Finally, after 14 days of travelling I have arrived at the French research station Port-aux-Francais at the souther tip of Kerguelen. Safely out of the helicopter we are well received by “DISKER” (head of DIStrict KERguelen) who is France’s official representative on the island (similar to what the ‘Sysselmann’ in at Svalbard). Along with him is also a great reception committee – everybody on the island are of course curious about who the newcomers are and who they now have to live alongside with.
The Research station
Kerguelen Islands is 100% French territory. There’s just one settlement, and that’s the research station. Of the about 70 people on the island there’s only one other who don’t speak French. This is, however, completely unproblematic, as the rumour that French people don’t want to speak English apparently never made it here. Also, the polar research world is very small. DISKER, it turns out, has had a summer job working for the same plant ecologist as me on Svalbard, and has great knowledge about Greenland and Danish-Norwegian polar history (Rasmussen, Nansen, Amundsen, …) and it also turns out we have several of the same acquaintances in Tromsø.
The animal life on the road to work
Everybody eats their meals together in the cafeteria, which give us three nice social event each day. After finishing our meals, we do the dishes. Everybody contributes with a few minutes of work, and with a lot of ‘tra-la-la’ the dishes from 70 men are done in an instant. On the road from the cafeteria to the laboratory down by the fjord I pass more than 100 elephant seals, seagulls, and other birds lying on their nests, and a king penguin, who for the last few days have been standing by himself by the entrance.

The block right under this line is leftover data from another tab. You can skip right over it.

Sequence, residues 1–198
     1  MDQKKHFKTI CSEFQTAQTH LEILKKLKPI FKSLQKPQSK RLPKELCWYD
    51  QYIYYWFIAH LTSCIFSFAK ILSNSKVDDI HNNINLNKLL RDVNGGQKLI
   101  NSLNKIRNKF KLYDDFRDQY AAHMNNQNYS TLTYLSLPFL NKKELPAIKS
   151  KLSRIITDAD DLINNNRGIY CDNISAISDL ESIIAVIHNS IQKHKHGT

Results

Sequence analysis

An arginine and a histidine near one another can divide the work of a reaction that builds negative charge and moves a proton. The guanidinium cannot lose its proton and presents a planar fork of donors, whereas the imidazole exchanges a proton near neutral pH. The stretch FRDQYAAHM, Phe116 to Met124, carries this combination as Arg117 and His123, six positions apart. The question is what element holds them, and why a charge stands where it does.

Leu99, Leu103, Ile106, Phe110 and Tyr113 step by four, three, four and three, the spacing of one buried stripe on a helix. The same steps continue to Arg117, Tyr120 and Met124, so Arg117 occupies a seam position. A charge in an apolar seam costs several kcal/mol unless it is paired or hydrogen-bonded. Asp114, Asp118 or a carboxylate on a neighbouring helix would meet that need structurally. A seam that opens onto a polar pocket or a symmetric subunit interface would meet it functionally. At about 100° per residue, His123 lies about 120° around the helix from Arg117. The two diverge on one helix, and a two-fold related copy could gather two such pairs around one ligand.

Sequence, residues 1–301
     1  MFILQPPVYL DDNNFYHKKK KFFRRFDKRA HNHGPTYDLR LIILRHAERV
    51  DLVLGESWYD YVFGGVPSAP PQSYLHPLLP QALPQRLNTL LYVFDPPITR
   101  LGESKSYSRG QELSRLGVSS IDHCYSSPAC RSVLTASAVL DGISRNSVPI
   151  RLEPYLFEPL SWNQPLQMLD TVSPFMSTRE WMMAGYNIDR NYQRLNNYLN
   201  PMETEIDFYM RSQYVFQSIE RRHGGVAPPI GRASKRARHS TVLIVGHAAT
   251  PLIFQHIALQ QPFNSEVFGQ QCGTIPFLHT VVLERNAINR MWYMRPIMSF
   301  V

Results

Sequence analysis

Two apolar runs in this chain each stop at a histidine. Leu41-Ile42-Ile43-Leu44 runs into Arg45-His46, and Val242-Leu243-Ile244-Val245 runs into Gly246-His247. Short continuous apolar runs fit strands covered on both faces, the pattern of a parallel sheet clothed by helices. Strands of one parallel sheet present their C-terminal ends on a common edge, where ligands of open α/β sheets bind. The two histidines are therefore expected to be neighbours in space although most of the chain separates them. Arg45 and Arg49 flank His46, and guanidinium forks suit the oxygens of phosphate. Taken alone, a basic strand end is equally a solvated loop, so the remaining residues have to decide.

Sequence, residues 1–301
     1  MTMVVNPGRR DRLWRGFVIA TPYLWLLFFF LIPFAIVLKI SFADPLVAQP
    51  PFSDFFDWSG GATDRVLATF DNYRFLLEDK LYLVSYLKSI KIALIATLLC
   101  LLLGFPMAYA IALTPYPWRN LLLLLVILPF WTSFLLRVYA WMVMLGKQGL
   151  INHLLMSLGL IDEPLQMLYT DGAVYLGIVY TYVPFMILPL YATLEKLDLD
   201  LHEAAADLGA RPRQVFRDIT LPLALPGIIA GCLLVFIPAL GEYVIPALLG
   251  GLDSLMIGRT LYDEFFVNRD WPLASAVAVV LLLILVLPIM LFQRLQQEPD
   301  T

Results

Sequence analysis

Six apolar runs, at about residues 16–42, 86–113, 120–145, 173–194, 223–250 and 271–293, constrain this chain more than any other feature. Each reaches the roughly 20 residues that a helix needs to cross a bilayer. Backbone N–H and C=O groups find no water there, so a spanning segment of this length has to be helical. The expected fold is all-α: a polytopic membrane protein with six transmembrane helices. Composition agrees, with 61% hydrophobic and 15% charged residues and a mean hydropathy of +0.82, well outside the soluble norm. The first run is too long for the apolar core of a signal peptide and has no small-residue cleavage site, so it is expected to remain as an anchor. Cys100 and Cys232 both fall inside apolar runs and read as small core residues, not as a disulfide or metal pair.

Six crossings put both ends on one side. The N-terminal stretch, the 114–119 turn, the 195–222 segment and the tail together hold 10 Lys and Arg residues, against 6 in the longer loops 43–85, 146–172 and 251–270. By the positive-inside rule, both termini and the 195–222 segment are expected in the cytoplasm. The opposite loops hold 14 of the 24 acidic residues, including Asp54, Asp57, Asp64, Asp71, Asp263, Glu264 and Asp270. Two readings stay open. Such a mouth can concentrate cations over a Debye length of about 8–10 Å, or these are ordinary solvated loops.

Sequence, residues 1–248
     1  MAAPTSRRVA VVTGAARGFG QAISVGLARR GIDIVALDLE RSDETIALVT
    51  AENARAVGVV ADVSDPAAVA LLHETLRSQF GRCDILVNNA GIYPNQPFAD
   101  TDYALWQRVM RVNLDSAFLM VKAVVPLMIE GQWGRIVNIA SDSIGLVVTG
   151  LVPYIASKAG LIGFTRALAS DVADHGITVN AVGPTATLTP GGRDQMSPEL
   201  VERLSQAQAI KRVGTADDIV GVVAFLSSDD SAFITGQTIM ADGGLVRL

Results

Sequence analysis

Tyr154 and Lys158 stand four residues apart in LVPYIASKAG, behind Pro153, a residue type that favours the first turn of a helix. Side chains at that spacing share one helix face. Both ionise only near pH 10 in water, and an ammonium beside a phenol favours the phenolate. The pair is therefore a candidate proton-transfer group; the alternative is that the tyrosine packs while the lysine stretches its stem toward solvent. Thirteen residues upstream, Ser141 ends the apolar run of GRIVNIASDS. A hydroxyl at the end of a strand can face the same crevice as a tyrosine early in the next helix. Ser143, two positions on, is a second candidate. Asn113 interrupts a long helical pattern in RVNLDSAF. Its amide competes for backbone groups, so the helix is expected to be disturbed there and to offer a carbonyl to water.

First fishing trip
Yesterday we tested the electronic fishing equipment in a nearby stream and I caught my first Kerguelen trout (and no, it wasn’t very big…). All the freshwater fish in Kerguelen are introduced by the French (see Kerguelen part 1). Among other reasons, this occurred as a result of an attempt to start a commercial fish farms, but that endeavour never became a big success. The introduction of the fish (and their future spread to new catchments) is the reason that I am here no and in a few days we will leave for our first field trip, when we will use the electronic fishing equipment to catch young fish for further studies.
For those very much interested in the introduction of salmonids to Kerkuelen I can recommend this article.
See previous blogg post from the Kerguelen expedition.